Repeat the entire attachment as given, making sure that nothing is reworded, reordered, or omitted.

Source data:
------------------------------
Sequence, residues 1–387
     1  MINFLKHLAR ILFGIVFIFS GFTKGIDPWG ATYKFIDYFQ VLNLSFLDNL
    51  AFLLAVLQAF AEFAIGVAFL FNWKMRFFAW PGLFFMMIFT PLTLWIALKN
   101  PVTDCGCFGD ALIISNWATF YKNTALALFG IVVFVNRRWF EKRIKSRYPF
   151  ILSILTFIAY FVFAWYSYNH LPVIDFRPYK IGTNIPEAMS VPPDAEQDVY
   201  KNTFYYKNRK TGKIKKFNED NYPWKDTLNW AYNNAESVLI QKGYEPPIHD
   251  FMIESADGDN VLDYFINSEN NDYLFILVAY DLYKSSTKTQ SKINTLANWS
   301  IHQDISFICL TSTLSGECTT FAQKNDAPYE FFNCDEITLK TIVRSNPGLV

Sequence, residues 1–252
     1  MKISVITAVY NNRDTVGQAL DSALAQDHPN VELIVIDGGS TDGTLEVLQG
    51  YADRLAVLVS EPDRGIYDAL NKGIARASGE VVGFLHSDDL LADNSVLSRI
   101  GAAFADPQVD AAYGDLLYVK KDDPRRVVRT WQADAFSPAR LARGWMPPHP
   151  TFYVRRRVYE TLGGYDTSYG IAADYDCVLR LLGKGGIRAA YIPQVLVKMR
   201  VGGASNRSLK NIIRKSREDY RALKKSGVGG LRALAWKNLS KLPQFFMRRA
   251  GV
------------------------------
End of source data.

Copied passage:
Sequence, residues 1–387
     1  MINFLKHLAR ILFGIVFIFS GFTKGIDPWG ATYKFIDYFQ VLNLSFLDNL
    51  AFLLAVLQAF AEFAIGVAFL FNWKMRFFAW PGLFFMMIFT PLTLWIALKN
   101  PVTDCGCFGD ALIISNWATF YKNTALALFG IVVFVNRRWF EKRIKSRYPF
   151  ILSILTFIAY FVFAWYSYNH LPVIDFRPYK IGTNIPEAMS VPPDAEQDVY
   201  KNTFYYKNRK TGKIKKFNED NYPWKDTLNW AYNNAESVLI QKGYEPPIHD
   251  FMIESADGDN VLDYFINSEN NDYLFILVAY DLYKSSTKTQ SKINTLANWS
   301  IHQDISFICL TSTLSGECTT FAQKNDAPYE FFNCDEITLK TIVRSNPGLV

Sequence, residues 1–252
     1  MKISVITAVY NNRDTVGQAL DSALAQDHPN VELIVIDGGS TDGTLEVLQG
    51  YADRLAVLVS EPDRGIYDAL NKGIARASGE VVGFLHSDDL LADNSVLSRI
   101  GAAFADPQVD AAYGDLLYVK KDDPRRVVRT WQADAFSPAR LARGWMPPHP
   151  TFYVRRRVYE TLGGYDTSYG IAADYDCVLR LLGKGGIRAA YIPQVLVKMR
   201  VGGASNRSLK NIIRKSREDY RALKKSGVGG LRALAWKNLS KLPQFFMRRA
   251  GV